Beyond the necessary side of getting your code where it needs to be, one of the biggest benefits of good release management is the ability to rollback in the event of an emergency. No matter how finely tuned your development and release process is, you’ll occasionally have hiccups in production. When this happens, you’ll want to be able to easily rollback to your previously released codebase without breaking anything. This way, you’re not forced to rush an ill-considered fix out the door. Instead, you just rollback so that you can resolve the issue without affecting customers and then release again when it’s ready.


With web applications, you’ll need at least two environments: development and production. If you have a large team or more complex application, you might have several environments including integration, QA, or staging in addition to development and production. These environments are the targets of release management. As your quality assurance process matures, managing releases to these different environments will become increasingly critical for your productivity.

Every developer has their own local development environment that generally won't be accessible outside of their own machine. You won't ever “release” to development per se, but you will want to be able to easily bootstrap your development environment so that team members can quickly set up a new computer.
The integration environment can be a shared semi-public system, but more often than not, this would be handled by an automated process called “continuous integration” that automatically tests new code by developers to make sure that nothing is broken. Similar to your development environment, you wouldn't release to your integration environment. Instead, it just monitors your source control system for updates and automatically runs your automated test suite.
Quality Assurance (QA)
If your process is involved enough, the quality assurance environment is an internally available environment that provides a consistent and stable environment for your testers to locate and reproduce issues.
The major goal for a staging server is to reproduce production as closely as possible in order to minimize any surprises from production-level configuration differences. In some cases for smaller teams, you may be able to combine QA and staging into a single environment.
Production is the final resting place where you make your code available to everyone. Due to the need for scaling and reliability, production will often be more complicated than your other environments.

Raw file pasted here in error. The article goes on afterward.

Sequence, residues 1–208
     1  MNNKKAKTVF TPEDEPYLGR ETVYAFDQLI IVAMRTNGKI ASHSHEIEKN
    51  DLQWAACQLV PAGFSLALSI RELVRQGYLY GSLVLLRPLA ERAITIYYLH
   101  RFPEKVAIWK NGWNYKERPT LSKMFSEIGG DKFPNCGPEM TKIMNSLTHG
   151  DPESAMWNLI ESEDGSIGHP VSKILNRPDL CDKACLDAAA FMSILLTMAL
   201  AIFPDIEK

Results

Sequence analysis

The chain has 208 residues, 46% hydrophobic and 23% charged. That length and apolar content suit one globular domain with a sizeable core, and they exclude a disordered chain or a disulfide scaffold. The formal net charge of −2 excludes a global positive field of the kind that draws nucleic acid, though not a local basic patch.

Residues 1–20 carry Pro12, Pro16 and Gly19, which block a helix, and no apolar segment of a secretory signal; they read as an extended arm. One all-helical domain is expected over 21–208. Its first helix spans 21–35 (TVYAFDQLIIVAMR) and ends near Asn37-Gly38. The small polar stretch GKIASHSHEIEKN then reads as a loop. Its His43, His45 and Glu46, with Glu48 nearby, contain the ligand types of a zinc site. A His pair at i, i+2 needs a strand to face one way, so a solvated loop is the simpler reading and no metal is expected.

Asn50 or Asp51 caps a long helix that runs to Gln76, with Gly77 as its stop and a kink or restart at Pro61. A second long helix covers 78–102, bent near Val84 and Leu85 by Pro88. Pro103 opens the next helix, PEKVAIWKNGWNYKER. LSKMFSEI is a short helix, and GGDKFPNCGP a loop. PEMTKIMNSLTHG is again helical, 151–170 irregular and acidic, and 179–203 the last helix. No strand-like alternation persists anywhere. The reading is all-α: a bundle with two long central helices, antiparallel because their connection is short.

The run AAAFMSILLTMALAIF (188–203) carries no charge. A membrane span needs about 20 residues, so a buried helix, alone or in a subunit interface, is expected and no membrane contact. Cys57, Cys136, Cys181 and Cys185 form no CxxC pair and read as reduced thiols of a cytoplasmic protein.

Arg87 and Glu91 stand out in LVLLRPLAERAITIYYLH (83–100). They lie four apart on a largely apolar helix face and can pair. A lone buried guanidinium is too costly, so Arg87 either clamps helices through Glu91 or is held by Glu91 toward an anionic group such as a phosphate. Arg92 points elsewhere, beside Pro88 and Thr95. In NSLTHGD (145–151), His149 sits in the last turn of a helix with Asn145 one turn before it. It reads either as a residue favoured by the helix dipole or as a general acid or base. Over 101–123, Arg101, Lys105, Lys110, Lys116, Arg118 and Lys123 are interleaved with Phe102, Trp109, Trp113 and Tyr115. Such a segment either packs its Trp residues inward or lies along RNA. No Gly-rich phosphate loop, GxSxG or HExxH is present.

Controlling and coordinating which version of your software is in each environment is important for reliable testing and reproduction of issues. For instance, if someone on your QA team is reporting a problem, but your developer is unable to reproduce the problem, it’s entirely possible, or even likely, that they’re both looking at different versions of the codebase. So you want to make sure that everyone is always on the same page about what version is being reviewed at any given time.

Continuous Deployment

Continuous deployment is one of the most advanced setups for team that have quality and process locked down. In these situations, releases are set up to happen automatically if new code successfully passes all of the automated tests. In order to do this, your team has to have an incredibly level of confidence that new code is tested and working. In this scenario, whenever someone adds new code, it will be run through all of your automated tests and, assuming they pass, put the code into production.

What’s next?

Now that we’ve laid the groundwork for the foundational tools and processes, we can see how it all comes together in the context of a real project. First we’ll discuss planning to see how issue tracking can help prevent problems before they become costly implementation mistakes. But before we do that, let’s take a look at the larger context of software delivery organized into four phases. Planning, or organizing ideas and goals. Creating, which is primarily design and development. Reviewing, or all of the processes around quality assurance and testing. And finally, listening, where your code is live, and you have a variety of monitors and tools in place to alert you to any problems.

This is meant to be a technology-agnostic high level overview of some of the key facets of modern iterative software development. These cycles or iterations could each last a single week or multiple weeks. It depends entirely on what works for your team.